As the outdoor temperatures start to drop, it’s essential to make sure that your home is prepared and ready for the cold weather ahead. No matter where you live, winter can present some challenges for safety, home maintenance, and more. Read on to learn some helpful winter tips and advice that will ensure your home and your family is ready for the cold, snowy days to come.

Dealing with snow

Snow is beautiful and fun to play in, but it can also present a few issues regarding your safety at home. Ensure you keep walkways and entryways free from the snow with regular snow removal by shoveling these areas throughout the winter. You can also do some things to deal with snowstorms that will make life easier for you and your family.

  • Snow shoveling: Before you head outside to shovel, make sure you warm up your muscles and do some stretching to stay limber and flexible. Push the snow out of the way rather than lifting it, resulting in a strained back or other injuries. Use a lightweight plastic snow shovel when possible, take frequent breaks, and try to shovel the snow soon after it falls, so it’s lighter and less dense. Always dress in layers and wear proper attire like a warm hat, coat, and gloves.
  • Snowstorm prevention: While none of us can control the weather, you can do some snowstorm preparation to keep you safe during and after the storm. Stock up on nonperishable items in case you’re snowed in, so you have plenty of food available. Charge all of your electronic devices before the storm hits if you lose power, so you have access to your smartphone for communications. If you must drive during a snowstorm, make sure your vehicle and your tires are in excellent condition and keep your gas tank full. Listen carefully to local weather forecasts or check the National Weather Service for updates on current conditions.

Home maintenance

Cold weather can wreak havoc on your home if you’re not prepared. By practicing a few preventative home maintenance tips, you can avoid things like frozen pipes or pests that may want to move into your home. Taking steps before winter arrives and following a few winter safety tips will keep you and your family safe and warm and your home operating the way it should.

Water pipe maintenance

Frozen water pipes can make life miserable during the winter. Depending on how bad they’re frozen, it can take several minutes to an hour or more for your pipes to unfreeze. Frozen pipes can also burst, resulting in a severe leak or a possible flood. To protect your water pipes during the winter, start by removing, draining, and storing outdoor hoses inside. Close all inside valves that supply water to outdoor hose bibs, and open outdoor hose bibs so the water can drain. Add extra insulation to places like your attic, crawlspace, or basement to help keep the temperatures higher. Look around for pipes and plumbing that may need additional insulation, such as the bathroom, kitchen, or laundry room.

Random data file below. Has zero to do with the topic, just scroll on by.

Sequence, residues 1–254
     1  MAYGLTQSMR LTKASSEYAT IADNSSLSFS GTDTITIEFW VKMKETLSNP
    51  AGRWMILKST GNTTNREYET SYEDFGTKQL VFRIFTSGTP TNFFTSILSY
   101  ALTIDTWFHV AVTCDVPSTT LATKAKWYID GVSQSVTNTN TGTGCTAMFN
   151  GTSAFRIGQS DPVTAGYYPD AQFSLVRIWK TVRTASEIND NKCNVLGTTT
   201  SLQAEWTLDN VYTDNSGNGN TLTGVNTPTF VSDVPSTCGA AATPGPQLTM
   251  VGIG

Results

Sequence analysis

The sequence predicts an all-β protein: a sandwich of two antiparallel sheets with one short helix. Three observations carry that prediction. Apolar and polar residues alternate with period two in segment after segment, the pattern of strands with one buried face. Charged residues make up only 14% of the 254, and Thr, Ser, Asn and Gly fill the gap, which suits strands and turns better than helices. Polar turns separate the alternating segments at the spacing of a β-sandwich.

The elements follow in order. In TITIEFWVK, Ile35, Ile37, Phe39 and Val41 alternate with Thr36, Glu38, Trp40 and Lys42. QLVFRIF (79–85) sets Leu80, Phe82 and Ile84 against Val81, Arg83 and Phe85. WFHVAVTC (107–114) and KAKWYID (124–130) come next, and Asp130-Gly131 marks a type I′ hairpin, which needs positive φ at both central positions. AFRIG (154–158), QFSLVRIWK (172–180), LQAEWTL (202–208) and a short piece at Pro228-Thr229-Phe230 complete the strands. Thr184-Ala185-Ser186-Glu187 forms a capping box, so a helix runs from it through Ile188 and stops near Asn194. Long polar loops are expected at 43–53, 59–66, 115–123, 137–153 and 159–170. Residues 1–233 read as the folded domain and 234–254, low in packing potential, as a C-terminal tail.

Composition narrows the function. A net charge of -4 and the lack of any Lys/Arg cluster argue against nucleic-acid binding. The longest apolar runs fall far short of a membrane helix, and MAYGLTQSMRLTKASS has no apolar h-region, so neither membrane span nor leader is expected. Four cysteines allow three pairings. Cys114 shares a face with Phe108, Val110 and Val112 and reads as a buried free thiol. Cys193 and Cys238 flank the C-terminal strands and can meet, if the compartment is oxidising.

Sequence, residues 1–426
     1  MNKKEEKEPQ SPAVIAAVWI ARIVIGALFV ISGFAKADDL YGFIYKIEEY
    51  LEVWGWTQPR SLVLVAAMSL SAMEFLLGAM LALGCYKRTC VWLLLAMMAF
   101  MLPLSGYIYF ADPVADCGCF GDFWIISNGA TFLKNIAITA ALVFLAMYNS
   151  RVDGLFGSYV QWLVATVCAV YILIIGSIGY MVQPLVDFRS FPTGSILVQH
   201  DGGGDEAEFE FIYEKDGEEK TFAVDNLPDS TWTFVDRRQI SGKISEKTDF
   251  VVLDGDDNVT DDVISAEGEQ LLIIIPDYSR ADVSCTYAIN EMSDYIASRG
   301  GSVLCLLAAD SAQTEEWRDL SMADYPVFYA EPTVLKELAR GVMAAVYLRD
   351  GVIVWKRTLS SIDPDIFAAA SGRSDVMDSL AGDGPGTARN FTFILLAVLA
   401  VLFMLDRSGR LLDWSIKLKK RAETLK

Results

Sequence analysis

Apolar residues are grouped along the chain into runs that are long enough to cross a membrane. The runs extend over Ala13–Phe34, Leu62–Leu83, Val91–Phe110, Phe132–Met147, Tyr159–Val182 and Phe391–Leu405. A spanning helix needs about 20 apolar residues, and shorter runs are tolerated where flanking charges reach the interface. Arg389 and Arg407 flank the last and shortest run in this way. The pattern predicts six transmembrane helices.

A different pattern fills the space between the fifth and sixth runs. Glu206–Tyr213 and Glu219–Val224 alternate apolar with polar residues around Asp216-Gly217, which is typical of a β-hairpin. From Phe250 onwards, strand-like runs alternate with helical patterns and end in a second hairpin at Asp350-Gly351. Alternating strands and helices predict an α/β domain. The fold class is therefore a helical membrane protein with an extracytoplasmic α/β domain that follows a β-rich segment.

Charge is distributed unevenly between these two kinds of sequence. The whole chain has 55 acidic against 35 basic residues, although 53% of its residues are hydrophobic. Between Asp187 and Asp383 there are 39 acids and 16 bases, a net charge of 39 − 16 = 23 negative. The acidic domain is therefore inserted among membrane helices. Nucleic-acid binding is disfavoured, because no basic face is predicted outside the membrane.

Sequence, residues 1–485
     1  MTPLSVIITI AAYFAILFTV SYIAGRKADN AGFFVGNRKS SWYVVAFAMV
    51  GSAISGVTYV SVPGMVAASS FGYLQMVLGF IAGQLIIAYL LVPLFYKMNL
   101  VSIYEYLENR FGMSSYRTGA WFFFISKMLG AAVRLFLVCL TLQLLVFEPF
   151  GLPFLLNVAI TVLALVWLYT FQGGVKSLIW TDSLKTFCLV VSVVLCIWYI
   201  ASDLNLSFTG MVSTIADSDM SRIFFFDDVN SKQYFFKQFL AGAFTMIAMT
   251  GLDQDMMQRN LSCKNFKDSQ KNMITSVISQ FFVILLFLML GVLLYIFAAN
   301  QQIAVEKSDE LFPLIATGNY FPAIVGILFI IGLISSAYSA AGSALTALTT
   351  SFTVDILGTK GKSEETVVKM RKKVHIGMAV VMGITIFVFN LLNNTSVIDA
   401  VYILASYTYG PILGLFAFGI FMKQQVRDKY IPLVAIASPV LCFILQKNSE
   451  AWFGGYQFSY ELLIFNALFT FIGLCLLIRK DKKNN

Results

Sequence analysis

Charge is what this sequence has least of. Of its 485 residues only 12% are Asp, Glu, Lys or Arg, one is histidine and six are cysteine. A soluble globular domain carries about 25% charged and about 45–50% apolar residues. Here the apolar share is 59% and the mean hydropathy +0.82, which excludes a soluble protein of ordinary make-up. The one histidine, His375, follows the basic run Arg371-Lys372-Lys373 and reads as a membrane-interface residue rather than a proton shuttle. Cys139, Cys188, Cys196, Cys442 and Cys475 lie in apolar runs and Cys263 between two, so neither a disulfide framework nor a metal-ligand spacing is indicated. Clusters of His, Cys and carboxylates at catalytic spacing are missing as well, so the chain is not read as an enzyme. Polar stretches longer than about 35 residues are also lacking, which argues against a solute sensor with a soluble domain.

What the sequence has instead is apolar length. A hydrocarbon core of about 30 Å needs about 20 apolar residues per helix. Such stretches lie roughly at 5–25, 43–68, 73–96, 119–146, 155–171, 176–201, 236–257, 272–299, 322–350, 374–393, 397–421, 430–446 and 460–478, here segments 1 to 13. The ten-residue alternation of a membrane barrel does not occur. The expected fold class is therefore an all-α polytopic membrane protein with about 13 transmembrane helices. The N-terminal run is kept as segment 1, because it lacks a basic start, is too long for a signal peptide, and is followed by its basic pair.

You can install a water pipe sleeve for insulation or a self-regulating heating cable to heat any exposed pipes to prevent freezing. You can unfreeze water pipes by applying direct heat to a pipe section with a hairdryer, electric heating pad, or a space heater. Never use a blowtorch, charcoal stove, or kerosene or propane heater to thaw pipes since these can pose a serious fire hazard.


Keep your home warm all winter with an inspection from a licensed HVAC company. A thorough inspection will ensure that your whole-home heating system is operating the way it should. Winter is a perfect time to change your air filter, too. A new air filter will keep the air inside clean, and it can prevent the furnace from clogging or breaking. Test out your thermostat to make sure that it’s working correctly as well. If you’re using a space heater, always keep it at least three feet away from furniture, bedding, and any other objects to prevent fire. Make sure you’re using the correct fuel source according to the manufacturer’s specifications. If you need to use a portable generator, always keep it running outside and place it as far away from your home as possible. Never use an oven to heat your home, and monitor candles if you plan to use them to warm up a room; a burning candle should never be left unattended. Install CO monitors if you have gas heat or a gas-powered space heater to keep you safe in case of a carbon monoxide leak.

Gutter cleaning tips